Hundreds of Nasdaq Inc. traded companies pummeled by the coronavirus pandemic are poised to get a reprieve from rules that could lead to them getting kicked off the exchange.

That’s because Nasdaq wants to give firms whose shares have fallen below $1 more time to bring their prices up before being de-listed. Companies with market values under Nasdaq’s required minimums would also get additional time to rebound, according to a plan the exchange filed Thursday with the Securities and Exchange Commission. Nasdaq asked the regulator to allow the proposal to take effect immediately.

Nasdaq rules normally give companies 180 days to bring their share prices back above $1, or their market capitalizations above its minimum, once a firm is deficient for 30 consecutive days. The plan filed with the SEC would effectively prevent that clock from starting until July 1.

The exchange says that as of April 13, 154 securities had been trading below the $1 threshold for at least 30 days, an increase from the 119 that had hit that threshold in March 2019. Nasdaq indicated there might soon be a significant uptick with 379 more in danger of becoming deficient.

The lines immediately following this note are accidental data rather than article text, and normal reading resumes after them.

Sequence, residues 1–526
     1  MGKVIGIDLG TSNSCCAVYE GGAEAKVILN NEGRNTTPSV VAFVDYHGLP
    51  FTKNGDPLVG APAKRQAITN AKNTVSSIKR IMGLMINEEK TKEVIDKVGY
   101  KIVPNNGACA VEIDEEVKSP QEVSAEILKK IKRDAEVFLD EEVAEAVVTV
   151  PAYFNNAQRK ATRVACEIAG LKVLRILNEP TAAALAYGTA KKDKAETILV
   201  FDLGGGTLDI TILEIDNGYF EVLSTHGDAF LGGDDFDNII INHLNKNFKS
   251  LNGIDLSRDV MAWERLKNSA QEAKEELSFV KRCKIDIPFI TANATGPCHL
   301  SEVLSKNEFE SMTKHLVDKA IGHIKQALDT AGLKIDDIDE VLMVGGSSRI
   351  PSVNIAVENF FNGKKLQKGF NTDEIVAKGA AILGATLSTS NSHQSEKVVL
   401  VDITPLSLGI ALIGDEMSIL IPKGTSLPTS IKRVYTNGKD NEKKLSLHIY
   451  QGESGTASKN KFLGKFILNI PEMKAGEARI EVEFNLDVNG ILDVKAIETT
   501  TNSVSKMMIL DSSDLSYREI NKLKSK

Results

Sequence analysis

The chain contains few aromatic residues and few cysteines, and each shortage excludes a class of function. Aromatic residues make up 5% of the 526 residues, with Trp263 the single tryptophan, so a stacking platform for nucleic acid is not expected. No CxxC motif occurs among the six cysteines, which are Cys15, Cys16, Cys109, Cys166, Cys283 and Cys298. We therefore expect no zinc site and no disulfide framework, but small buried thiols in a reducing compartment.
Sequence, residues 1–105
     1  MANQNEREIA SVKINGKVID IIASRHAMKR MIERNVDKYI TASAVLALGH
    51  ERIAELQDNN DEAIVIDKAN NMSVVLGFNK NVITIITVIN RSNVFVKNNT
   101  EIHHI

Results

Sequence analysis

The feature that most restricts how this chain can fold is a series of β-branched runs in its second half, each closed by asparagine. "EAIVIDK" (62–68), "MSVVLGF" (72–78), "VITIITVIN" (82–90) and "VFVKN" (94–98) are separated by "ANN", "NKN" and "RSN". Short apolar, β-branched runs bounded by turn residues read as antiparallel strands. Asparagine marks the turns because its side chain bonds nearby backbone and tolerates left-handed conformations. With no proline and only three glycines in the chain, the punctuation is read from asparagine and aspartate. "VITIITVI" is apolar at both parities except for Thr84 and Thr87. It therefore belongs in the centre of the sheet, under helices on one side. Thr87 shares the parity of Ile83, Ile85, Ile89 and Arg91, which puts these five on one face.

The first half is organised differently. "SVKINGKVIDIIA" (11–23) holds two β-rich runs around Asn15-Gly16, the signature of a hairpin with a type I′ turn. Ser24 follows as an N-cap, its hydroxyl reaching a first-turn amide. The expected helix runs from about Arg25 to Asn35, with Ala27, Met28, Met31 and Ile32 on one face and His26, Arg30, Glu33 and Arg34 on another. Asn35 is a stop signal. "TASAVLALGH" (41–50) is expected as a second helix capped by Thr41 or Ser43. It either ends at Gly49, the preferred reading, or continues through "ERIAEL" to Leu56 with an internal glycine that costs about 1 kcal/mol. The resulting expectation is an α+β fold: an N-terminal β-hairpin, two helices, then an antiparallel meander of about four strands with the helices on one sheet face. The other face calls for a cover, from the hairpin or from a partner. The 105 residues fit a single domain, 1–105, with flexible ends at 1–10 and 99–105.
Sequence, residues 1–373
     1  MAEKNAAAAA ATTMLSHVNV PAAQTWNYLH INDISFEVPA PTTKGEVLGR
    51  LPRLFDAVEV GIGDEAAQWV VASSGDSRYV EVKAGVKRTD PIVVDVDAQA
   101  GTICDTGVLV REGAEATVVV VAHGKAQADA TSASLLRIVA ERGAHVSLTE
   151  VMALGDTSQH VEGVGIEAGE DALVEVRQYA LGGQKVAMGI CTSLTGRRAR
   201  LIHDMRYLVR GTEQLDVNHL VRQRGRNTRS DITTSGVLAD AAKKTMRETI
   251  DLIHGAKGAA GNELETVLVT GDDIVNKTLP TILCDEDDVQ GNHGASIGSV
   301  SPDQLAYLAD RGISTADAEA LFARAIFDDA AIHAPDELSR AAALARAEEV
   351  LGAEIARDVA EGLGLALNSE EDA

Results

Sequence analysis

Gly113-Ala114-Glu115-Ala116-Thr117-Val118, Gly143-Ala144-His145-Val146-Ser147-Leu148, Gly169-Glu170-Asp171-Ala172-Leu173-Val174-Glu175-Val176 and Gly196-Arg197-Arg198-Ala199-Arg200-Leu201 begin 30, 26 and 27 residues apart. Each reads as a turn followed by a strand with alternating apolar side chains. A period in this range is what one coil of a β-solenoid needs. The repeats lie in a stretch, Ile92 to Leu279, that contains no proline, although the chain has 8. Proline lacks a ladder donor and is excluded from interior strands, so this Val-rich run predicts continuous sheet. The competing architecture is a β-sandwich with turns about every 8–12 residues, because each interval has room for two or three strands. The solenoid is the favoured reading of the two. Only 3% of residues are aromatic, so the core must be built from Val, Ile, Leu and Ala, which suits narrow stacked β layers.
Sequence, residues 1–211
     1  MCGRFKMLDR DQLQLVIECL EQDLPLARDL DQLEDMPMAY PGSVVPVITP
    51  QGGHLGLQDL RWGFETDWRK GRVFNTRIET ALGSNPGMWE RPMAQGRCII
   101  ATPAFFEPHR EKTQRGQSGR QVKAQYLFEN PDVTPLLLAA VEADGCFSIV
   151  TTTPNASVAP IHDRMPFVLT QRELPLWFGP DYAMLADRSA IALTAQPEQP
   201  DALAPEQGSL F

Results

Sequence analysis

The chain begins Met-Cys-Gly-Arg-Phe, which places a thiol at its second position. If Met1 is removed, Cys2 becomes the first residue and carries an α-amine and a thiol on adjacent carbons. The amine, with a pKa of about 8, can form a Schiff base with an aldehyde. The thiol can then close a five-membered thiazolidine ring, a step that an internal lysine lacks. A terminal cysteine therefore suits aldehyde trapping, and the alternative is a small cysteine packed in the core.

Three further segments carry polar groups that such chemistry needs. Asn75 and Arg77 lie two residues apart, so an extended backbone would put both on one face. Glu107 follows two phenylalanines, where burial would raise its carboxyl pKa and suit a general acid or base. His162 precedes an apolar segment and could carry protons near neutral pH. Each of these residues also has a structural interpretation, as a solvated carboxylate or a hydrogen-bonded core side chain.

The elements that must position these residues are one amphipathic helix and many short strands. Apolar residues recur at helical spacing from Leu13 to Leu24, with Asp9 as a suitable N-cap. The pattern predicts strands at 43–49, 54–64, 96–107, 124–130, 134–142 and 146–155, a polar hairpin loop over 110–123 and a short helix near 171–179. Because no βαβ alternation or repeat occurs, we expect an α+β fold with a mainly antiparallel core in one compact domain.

Businesses Decimated
The request comes as Washington races to shore up businesses that are at risk of going under as the economy grinds to a halt. Nasdaq’s plan, which didn’t mention any companies by name, describes the impact that social distancing has on restaurants, entertainment facilities and travel companies.

“One unavoidable consequence of the actions being taken to reduce the spread of COVID-19 is a reduction, or complete interruption, in revenue for many companies,” the exchange operator said in the filing.

While stocks have bounced back from their lows, Nasdaq Stock Exchange President Nelson Griggs said the company wants to get out in front of the issue before it potentially becomes a big problem.

“You’re just seeing these extremely volatile markets,” Griggs said in an interview. “We’re just trying to get ahead of what could be an issue.”

Nasdaq has also started discussing other possible rule changes with the SEC that would help issuers weather the crisis, Griggs said. One area of focus is making it easier and less time-consuming for firms to raise additional capital, he said.

--With assistance from Lananh Nguyen.

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